Nigeria’s army has banned the activities of a humanitarian agency, Action Against Hunger, after accusing it of aiding and abetting terrorist groups such as Boko Haram and Islamic State.
A statement on Thursday by Colonel Ado Isa, the deputy director of army public relations, said the activities of the non-governmental organization (NGO) was “in contrary to the counter-insurgency war being carried on in the region by the Nigerian military”, reports the Vanguard.
“The subversive and actions of the NGO Action Against Hunger (AAH) persisted despite several warnings to desist from aiding and abetting terrorists and their atrocities.
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“The TC – OPLD has on many occasions raised alarm over this unwholesome practices of some NGOs and expressed same position during meetings with the NGOs operating in the NE [North East] Theater of Operation.
“Consequently, the AAH has been declared persona non grata for aiding Boko Haram Terrorists/Islamic State West Africa by supplying them food and drugs despite warning from the TC – OPLD,” the statement read.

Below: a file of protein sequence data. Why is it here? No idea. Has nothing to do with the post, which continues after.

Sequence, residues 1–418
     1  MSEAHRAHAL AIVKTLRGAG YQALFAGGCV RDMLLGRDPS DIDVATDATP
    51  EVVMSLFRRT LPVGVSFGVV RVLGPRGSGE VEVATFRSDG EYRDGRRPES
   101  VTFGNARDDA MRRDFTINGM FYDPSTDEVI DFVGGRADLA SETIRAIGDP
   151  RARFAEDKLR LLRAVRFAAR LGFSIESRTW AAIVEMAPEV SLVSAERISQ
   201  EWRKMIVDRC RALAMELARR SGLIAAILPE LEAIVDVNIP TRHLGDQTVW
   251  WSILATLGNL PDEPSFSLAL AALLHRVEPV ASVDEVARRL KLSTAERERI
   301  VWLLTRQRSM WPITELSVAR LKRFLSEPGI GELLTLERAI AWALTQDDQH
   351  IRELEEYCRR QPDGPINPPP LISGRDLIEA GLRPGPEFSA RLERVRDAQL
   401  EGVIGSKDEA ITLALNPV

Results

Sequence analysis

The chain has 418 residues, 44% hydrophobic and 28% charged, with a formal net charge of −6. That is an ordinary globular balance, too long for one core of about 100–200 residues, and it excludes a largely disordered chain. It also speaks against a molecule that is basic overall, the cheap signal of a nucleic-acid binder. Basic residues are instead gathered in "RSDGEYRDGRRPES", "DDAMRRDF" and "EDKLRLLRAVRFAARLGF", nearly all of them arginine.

“The Command has obtained several credible intelligence indicating AAH as one of those NGOs operating in the NE that is notorious in supplying food and drugs to the criminals in the area,” the statement added.
Action Against Hunger has so far denied the accusations and has pleaded with authorities to allow it to continue with its work of providing food, water and healthcare to conflict-ridden areas.
“This decision, without notice and without any explanation, jeopardizes the assistance Action Against Hunger provides to the most vulnerable people in Borno State and halts, with immediate effect, the assistance Action Against Hunger provides to millions of people in Maiduguri, Monguno, and Damasak,” the group said in a statement.
Boko Haram is an Islamist group which does not want to have anything to do with western culture, particularly, western education.
The group has so far killed more than 20,000 people and other two million people have been forced to flee their homes in an insurgency that started in 2009 aimed at creating an Islamic state.
According to the United Nations, 7.1 million people still need humanitarian assistance in the region.
NGOs have, over the years, been helping the Nigerian government to provide relief for those who have been forced out of their homes.
It subsequently banned the organization but lifted the ban hours later.